Pressure imbalance in the ear
Everyone has experienced ear pressure – whether in a plane during take-off and landing, when going through a tunnel on the train or when hiking through mountain passes. The problem is also familiar to divers. Normally, this uncomfortable and even painful feeling disappears quickly – usually after swallowing or a really good yawn. However, about one percent of adults suffer from pressure imbalance disorder, where these symptoms persist or result in a permanent sensation of “muffled“ hearing.
Persistent dysfunction needs to be treated
People with pressure imbalance disorder in the ear should consult an ear, nose and throat (ENT) doctor for advice. Your doctor will start by giving you a full ENT examination. The results of this examination will decide a suitable course of treatment. In some cases, the symptoms can be relieved with a new treatment procedure: balloon dilation of the Eustachian tube with a TubaVent®-catheter. If this method is appropriate chosen, your ENT consultant will refer you to a specialist clinic for this minimally-invasive procedure.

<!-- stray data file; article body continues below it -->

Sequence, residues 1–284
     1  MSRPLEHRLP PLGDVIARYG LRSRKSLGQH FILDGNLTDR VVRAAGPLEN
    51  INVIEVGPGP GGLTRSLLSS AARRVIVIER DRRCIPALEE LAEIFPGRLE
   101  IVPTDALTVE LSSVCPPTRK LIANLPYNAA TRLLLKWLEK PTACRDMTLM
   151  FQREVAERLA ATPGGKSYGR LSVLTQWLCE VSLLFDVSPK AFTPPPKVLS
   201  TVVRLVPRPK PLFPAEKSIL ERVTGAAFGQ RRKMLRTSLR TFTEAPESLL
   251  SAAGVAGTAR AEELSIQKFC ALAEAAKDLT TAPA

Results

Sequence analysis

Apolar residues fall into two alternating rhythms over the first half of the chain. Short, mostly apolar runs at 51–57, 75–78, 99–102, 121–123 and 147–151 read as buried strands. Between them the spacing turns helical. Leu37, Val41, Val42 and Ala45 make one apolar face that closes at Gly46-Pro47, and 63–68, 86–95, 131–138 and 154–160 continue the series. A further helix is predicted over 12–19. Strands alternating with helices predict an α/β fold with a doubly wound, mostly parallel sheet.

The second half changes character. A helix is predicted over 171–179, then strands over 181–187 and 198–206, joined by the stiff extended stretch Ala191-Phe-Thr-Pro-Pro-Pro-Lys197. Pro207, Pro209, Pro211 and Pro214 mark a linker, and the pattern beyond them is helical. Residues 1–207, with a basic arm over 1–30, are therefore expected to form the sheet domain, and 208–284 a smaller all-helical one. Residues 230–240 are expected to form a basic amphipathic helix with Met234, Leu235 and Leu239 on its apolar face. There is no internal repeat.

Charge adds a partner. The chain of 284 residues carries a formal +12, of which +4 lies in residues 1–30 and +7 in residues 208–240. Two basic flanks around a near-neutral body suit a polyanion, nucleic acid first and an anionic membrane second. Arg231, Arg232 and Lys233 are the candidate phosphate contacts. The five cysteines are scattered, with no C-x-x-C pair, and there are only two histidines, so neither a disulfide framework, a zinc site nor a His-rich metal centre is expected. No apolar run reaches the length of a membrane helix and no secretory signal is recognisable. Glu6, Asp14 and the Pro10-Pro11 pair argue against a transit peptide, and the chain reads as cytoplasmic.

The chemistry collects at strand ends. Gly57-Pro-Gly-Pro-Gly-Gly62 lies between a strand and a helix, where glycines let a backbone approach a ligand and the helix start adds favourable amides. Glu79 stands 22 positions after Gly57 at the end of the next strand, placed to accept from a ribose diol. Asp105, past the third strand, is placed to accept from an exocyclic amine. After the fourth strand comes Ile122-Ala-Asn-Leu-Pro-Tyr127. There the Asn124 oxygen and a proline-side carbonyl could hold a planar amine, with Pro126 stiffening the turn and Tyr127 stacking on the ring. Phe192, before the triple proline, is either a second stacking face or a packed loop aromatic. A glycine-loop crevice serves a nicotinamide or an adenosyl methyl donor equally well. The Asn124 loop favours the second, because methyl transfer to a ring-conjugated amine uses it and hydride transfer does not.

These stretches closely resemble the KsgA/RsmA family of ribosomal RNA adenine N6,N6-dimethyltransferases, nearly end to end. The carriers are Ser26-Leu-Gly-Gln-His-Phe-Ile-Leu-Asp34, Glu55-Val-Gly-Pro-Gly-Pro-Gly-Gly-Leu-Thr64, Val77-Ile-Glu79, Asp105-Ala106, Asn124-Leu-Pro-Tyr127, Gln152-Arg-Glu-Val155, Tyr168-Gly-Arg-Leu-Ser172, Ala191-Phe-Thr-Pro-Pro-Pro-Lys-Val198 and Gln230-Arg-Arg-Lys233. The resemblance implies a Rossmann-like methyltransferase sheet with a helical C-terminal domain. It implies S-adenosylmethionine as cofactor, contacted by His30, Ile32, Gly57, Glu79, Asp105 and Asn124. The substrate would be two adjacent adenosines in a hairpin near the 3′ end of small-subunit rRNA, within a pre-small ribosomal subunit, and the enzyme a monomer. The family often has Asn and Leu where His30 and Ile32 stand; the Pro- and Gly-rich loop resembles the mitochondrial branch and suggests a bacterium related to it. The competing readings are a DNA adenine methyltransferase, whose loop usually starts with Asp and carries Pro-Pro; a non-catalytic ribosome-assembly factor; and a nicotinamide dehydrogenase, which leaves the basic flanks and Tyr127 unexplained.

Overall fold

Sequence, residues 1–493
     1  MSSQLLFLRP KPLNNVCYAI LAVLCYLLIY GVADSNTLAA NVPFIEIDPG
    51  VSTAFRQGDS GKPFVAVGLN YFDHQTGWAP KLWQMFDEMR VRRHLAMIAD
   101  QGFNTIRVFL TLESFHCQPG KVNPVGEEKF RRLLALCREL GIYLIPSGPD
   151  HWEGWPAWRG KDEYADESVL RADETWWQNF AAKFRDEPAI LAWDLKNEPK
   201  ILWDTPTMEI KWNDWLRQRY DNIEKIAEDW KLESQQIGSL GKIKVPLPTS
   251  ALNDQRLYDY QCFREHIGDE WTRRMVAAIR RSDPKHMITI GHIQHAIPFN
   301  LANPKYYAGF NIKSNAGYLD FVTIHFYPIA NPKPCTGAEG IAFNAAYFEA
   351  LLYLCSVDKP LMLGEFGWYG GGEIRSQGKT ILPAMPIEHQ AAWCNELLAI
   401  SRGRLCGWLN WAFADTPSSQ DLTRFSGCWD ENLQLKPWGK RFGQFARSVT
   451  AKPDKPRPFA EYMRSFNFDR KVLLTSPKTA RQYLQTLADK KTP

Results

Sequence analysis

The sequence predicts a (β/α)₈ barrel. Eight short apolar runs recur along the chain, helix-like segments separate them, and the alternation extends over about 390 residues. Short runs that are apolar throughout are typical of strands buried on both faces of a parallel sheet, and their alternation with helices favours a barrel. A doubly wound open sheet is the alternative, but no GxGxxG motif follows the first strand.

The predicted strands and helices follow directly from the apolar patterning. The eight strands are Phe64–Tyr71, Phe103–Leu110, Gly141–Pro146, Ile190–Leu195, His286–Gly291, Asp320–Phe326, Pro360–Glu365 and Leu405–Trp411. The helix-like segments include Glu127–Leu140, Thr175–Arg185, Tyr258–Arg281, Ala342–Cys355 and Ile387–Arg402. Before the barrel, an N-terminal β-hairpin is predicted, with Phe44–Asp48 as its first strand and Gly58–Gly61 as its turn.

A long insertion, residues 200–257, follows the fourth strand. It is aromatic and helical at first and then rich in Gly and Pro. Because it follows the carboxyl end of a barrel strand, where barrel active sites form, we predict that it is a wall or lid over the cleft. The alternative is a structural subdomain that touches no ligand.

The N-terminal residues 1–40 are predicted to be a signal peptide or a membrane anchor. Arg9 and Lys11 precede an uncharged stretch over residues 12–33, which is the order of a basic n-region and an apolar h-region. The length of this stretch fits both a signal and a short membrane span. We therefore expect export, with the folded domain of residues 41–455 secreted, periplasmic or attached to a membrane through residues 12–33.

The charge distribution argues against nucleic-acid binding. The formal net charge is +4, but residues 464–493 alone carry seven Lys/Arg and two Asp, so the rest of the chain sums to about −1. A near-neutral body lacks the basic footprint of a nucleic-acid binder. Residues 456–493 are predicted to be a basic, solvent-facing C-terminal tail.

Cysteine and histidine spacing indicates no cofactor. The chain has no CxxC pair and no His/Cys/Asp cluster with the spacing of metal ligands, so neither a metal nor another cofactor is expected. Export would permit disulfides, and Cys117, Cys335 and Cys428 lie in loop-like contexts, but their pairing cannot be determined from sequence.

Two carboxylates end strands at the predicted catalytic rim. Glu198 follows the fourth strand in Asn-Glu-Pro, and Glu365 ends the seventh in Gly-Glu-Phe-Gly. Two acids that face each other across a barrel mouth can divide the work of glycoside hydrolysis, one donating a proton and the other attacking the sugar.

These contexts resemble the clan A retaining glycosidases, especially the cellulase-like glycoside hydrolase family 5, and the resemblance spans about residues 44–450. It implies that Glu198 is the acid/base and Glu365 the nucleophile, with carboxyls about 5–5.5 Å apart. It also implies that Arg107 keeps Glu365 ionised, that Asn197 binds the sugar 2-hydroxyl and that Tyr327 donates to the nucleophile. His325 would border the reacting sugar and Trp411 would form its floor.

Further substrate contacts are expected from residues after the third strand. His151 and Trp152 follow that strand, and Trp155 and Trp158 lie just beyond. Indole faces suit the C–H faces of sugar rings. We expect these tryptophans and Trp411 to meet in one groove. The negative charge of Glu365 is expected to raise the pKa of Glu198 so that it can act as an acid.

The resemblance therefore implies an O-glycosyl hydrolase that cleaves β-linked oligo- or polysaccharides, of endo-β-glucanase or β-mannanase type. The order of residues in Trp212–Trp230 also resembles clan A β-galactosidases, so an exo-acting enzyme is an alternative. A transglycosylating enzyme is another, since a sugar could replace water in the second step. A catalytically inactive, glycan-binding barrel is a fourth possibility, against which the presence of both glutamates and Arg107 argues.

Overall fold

A patient reports
Learn from a patient about her problems with ear pressure, the limitations in her professional and everyday life, as well as her experience with balloon dilation. Senior physician Dr. med. Jörg Langer from the AMEOS-Klinikum Halberstadt, Germany, explains the procedure, the risks and the results of this new therapy.